The Equity Coalition
 
The equity coalition espouses equity in the access to water as a policy-core belief. For the equity coalition in the PIM subsystem in Maharashtra, the demand for equity is meant to very specifically address the lack of equity that the PIM model establishes, as far as allowing access to water is concerned. 
 
The MMISF Act, 2005 ensures that only holders or occupiers of agricultural lands within the command areas of irrigation projects may be instituted as members of a water user association (WUA). Membership to WUAs is a critical component of access to water, as Section 7 of the act declares that all provisioning of water from the canals of the project will be directly to the WUAs and not to individual holders or occupiers of agricultural land. Active actors in the coalition are critical of this restrictive construction of WUAs because it admits only farmers with ­access to land, thereby depriving many landless inhabitants of the command areas of a vital resource like water. They point out that such a limited membership of the WUAs effectively makes them only “irrigation” users associations. 
 
The policy-core belief espoused by the equity coalition is part of a broader history of people-centric movements that have focused on fighting against the individualisation of the commons. The Pani Panchayat Movement in 1974 put forth the principle that water is a common property resource and must hence, be accessible to all. The operationalisation of this principle ensured that only community irrigation projects were undertaken. More importantly, the Gram Gaurav Pratisthans (part of the panchayat system) decoupled water and land rights, and for the first time, the landless were ensured access to water. This was, however, done by ensuring that a certain amount of land was leased to the landless (ACWADAM 2010). The state also recognised the success of the Pani Panchayat experiment and passed a resolution to replicate the model across Maharashtra by way of a plan called the Naigaon Pattern, named after the first village where the panchayat was established.
 
By the late 1990s, the dam oustees’ movements in south ­Maharashtra were launched in response to the government’s decision to evict families to facilitate the construction of dams in the Krishna River Valley before 31 May 2000. The south ­Maharashtra dam oustees’ movement distinguished itself from earlier movements by making the equitable distribution of the dammed water a primary component of its demands. Leaders of the movement like Bharat Patankar, asserted that irrigation water was a resource for many and its redistribution was as vital as the redistribution of land (Phadke 2000: 4085). The leaders argued that giving landless families access to water would yield more economically efficient results. On receiving a right to irrigation water, the landless would take land from farmers having larger landholdings and cultivate them on a sharecropping basis. This would institutionalise a tradition of the landless cultivating land, and eventually lead to a more equitable redistribution of land (Phadke 2000).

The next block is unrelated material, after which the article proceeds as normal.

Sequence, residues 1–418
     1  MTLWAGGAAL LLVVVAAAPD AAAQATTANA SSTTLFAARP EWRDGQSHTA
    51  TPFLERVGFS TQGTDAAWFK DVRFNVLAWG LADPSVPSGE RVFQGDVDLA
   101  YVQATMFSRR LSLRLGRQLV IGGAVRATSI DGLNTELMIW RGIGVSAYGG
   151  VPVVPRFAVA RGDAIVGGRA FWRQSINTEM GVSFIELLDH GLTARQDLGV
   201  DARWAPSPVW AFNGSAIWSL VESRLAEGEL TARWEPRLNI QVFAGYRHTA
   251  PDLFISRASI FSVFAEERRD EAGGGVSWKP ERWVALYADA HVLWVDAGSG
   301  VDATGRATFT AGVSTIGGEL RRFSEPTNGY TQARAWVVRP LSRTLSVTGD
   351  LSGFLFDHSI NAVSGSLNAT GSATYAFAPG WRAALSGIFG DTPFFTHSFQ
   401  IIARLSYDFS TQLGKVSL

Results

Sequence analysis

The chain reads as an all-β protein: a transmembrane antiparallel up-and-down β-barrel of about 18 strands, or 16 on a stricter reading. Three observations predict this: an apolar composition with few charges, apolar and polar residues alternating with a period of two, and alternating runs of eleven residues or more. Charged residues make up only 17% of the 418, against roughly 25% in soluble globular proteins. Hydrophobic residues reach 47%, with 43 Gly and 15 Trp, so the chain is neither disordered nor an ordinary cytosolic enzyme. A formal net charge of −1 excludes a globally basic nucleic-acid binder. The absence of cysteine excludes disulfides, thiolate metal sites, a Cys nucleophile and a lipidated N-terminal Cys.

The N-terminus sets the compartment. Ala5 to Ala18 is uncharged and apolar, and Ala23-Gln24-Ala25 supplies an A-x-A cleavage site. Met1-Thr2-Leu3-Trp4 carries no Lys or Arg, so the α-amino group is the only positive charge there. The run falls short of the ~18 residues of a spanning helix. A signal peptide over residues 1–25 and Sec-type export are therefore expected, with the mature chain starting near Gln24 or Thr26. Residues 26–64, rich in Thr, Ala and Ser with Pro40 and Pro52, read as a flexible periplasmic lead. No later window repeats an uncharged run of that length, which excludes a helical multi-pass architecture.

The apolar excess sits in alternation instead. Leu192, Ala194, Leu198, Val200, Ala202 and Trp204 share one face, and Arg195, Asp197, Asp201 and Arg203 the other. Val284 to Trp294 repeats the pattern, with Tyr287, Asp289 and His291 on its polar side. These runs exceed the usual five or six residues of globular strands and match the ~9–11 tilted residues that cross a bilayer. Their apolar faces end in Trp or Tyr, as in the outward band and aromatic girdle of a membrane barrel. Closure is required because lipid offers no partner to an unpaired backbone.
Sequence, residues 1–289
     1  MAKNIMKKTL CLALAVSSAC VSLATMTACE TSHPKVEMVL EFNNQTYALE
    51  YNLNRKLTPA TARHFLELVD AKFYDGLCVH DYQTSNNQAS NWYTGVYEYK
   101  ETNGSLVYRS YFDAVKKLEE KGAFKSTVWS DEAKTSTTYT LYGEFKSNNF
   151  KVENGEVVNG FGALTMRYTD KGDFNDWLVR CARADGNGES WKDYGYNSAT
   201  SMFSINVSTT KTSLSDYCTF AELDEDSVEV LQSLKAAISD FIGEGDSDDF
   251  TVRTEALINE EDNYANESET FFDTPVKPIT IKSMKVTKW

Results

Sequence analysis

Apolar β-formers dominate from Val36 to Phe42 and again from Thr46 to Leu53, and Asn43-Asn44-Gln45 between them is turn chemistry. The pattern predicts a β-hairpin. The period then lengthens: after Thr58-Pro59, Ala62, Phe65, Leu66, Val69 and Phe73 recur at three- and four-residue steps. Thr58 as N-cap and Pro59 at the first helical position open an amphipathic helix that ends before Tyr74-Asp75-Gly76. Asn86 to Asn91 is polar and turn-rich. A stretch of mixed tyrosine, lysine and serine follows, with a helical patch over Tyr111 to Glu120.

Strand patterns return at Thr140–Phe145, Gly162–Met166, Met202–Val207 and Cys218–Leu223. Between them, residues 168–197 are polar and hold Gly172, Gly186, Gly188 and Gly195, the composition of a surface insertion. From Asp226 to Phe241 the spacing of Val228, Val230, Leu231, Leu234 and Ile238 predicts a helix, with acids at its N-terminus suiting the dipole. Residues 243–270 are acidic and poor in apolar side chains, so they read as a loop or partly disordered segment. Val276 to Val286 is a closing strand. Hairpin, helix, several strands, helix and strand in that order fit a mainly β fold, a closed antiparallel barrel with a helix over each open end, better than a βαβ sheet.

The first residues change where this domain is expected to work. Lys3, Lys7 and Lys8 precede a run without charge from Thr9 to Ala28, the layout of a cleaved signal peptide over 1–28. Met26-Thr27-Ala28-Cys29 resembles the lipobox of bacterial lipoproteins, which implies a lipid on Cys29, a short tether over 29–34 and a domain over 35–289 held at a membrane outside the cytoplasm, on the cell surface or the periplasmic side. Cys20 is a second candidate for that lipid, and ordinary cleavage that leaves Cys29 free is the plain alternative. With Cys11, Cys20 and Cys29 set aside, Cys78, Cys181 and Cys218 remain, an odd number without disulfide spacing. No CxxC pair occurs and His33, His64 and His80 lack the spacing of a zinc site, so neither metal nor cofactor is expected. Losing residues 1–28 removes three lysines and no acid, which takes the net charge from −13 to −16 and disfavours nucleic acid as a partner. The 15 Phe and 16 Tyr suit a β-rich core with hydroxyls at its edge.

These demands of the movement were eventually met by the state government in 2000, when they declared equitable distribution of water as a policy for all new dam ­constructions. The N D Patil Committee appointed by the state government also recommended the equitable distribution of water on a per capita basis (access to water on the basis of the number of people) as a part of its 51-point common minimum programme (Phadke 2000). The south Maharashtra movement was a breakthrough as far as all contemporary people-centric movements in the state are concerned. Subsequently, the Society for Promoting Participative Ecosystem Management (SOPP­E­COM) came to be an integral actor in the framing of the PIM law and the application of PIM in the state. The organisation attempted to import the principle of equitable distribution of water in the formal structure of PIM in the state, but eventually it did not succeed in doing so.
 
Belief System of the Equity Coalition
 
Policy-core belief system: The policy-core belief system of the equity coalition is complemented by a narrative for greater equity in access to water at the national level. This narrative has been built by academics and activists who are critical of the nature of interventions sought to be made by international monetary organisations in the water sector. Phillippe Cullet’s (2009) major argument, feeding into the belief system of the equity coalition, is that all the water sector reforms falling ­under the purview of an umbrella concept like IWRM are antithetical to the interests of many developing countries. Beyond its primary statement of intending to bring an approach that considers water more comprehensively, the IWRM actually seeks to drastically rework the management of water, the crux of these reforms being to reduce the scope of state control in favour of the private sector.